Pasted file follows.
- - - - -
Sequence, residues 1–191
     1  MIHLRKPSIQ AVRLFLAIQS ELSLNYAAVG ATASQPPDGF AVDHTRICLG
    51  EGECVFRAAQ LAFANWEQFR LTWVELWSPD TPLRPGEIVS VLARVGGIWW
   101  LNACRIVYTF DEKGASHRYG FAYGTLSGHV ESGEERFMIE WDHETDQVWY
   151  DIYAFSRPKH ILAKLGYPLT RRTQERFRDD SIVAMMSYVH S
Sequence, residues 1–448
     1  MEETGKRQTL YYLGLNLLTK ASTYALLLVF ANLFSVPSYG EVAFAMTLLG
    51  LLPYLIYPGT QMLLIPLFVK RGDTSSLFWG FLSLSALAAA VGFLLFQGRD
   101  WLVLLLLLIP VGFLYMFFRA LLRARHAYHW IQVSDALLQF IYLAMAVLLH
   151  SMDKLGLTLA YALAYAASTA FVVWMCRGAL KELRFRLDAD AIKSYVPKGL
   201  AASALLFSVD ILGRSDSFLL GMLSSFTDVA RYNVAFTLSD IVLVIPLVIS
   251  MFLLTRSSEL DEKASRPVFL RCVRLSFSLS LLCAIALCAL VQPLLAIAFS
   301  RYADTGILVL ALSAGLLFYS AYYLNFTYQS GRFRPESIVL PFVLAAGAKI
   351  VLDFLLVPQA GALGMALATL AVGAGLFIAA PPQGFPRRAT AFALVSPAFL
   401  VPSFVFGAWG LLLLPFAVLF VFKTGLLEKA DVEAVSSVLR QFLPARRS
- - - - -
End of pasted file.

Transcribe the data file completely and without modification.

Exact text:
Sequence, residues 1–191
     1  MIHLRKPSIQ AVRLFLAIQS ELSLNYAAVG ATASQPPDGF AVDHTRICLG
    51  EGECVFRAAQ LAFANWEQFR LTWVELWSPD TPLRPGEIVS VLARVGGIWW
   101  LNACRIVYTF DEKGASHRYG FAYGTLSGHV ESGEERFMIE WDHETDQVWY
   151  DIYAFSRPKH ILAKLGYPLT RRTQERFRDD SIVAMMSYVH S
Sequence, residues 1–448
     1  MEETGKRQTL YYLGLNLLTK ASTYALLLVF ANLFSVPSYG EVAFAMTLLG
    51  LLPYLIYPGT QMLLIPLFVK RGDTSSLFWG FLSLSALAAA VGFLLFQGRD
   101  WLVLLLLLIP VGFLYMFFRA LLRARHAYHW IQVSDALLQF IYLAMAVLLH
   151  SMDKLGLTLA YALAYAASTA FVVWMCRGAL KELRFRLDAD AIKSYVPKGL
   201  AASALLFSVD ILGRSDSFLL GMLSSFTDVA RYNVAFTLSD IVLVIPLVIS
   251  MFLLTRSSEL DEKASRPVFL RCVRLSFSLS LLCAIALCAL VQPLLAIAFS
   301  RYADTGILVL ALSAGLLFYS AYYLNFTYQS GRFRPESIVL PFVLAAGAKI
   351  VLDFLLVPQA GALGMALATL AVGAGLFIAA PPQGFPRRAT AFALVSPAFL
   401  VPSFVFGAWG LLLLPFAVLF VFKTGLLEKA DVEAVSSVLR QFLPARRS